while the remaining cases are part of a recognized syndrome such as Crouzon or Apert. Although the cause is frequently unclear, recent work suggests that mutations of the
fibroblast growth factor signaling pathway play a role.1,23 In
the isolated cases, the sagittal suture is affected most often
(55%), followed by the coronal (20%), lambdoid (5%), and
metopic (5%) sutures.4 The fused suture restricts growth
of the calvaria, thus leading to a characteristic deformation,
each associated with a different type of craniosynostosis.
Premature closure of skull sutures is associated with compensatory cranial and facial deformational changes that by
6 months of age often present with changes requiring major
reconstructive procedures.3
The first surgical treatment of craniosynostosis was unAbbreviations used in this paper: CT = computerized tomography; ICU = intensive care unit; 3D = three-dimensional.
Neurosurg. Focus / Volume 19 / December, 2005
dertaken by Lannelongue17 in 1892, and involved the correction of a sagittal synostosis. Since then, multiple procedures have been used for the treatment of this condition,
ranging from simple suturectomies to extensive calvarial
vault remodeling.2,5,14,18,19 Experience has shown that more
extensive reshaping yields excellent results, particularly
in older children with moderate to severe deformity.25 On
the other hand, children undergoing more extensive reconstructions have a high requirement for blood transfusion,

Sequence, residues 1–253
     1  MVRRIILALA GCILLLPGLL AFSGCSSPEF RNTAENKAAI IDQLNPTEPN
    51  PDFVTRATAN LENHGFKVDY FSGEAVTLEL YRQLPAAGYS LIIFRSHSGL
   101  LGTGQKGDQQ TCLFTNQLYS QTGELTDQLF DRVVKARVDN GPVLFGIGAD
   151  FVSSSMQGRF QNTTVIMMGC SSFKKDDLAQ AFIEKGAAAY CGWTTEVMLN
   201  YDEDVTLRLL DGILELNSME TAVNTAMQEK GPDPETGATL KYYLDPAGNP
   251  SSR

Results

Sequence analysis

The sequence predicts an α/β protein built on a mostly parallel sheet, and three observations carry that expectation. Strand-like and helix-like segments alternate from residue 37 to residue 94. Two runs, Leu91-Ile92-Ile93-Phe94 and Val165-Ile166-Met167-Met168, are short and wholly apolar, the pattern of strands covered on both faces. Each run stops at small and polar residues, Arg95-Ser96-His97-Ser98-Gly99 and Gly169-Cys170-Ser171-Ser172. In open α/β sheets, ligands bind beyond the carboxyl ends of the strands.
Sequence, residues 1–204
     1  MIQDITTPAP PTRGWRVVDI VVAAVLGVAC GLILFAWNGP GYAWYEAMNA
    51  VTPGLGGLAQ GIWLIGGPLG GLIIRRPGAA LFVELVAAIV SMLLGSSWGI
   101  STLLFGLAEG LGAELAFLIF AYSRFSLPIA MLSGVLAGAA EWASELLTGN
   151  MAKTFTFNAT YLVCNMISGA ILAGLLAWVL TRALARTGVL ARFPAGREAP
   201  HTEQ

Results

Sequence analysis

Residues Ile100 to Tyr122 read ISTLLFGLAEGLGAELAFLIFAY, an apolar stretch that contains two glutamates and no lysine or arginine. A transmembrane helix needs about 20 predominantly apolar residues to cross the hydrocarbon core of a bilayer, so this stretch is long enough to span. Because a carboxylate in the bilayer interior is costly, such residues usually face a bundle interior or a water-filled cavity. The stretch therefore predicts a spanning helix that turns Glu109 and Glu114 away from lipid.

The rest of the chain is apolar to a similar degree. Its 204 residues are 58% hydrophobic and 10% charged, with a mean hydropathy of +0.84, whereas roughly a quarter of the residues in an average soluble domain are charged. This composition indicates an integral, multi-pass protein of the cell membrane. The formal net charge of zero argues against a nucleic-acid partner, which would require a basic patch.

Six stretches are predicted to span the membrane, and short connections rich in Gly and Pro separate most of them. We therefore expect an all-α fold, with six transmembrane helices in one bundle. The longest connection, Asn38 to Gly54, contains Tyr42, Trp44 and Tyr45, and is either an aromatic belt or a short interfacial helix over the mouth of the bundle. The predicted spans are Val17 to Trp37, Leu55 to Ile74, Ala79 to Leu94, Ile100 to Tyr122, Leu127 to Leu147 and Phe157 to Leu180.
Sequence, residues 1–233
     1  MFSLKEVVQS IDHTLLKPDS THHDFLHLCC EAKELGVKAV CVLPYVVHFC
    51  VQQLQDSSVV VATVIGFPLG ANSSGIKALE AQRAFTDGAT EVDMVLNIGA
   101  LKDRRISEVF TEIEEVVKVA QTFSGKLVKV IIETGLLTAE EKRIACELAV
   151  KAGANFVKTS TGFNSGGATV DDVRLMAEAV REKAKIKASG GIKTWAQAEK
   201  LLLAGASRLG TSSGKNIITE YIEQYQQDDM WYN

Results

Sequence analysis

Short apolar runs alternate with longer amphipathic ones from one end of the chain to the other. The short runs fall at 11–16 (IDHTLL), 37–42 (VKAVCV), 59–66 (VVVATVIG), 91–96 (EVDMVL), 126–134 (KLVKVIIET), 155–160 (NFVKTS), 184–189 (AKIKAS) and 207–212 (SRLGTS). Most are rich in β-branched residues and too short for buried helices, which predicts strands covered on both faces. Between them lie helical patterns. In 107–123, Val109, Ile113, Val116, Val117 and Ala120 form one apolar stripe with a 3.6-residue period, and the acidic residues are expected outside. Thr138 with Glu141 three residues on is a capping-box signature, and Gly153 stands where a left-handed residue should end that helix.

may experience hypothermia caused by prolonged surgery,
and often have lengthy stays in the ICU. Surgery for craniosynostosis has evolved rapidly over the past two decades,
with increased emphasis on early operations and on less
invasive procedures.21 Because of changes in surgical timing and techniques, earlier series may not accurately reflect
more recent experience. Currently, surgeons at many craniofacial centers favor surgical correction before the age of
6 months to avoid the morbidity caused by extensive cranial vault remodeling in older children.
Jimenez and Barone12 first described endoscopic synostosis repair in 1998. This technique allows for a less invasive method of craniosynostosis repair. When detected
early, minimally invasive repair combined with a postop1
G. J. A. Murad, et al.
Patient Selection, Preoperative Imaging, and Anesthesia
Fig. 1. Photograph of patient positioned prone for sagittal synostosis repair with face supported in the horseshoe beanbag. The neck
is extended, providing excellent access to the entire calvarium.
erative molding device can result in excellent longstanding reconstruction of the cranial skeleton. These methods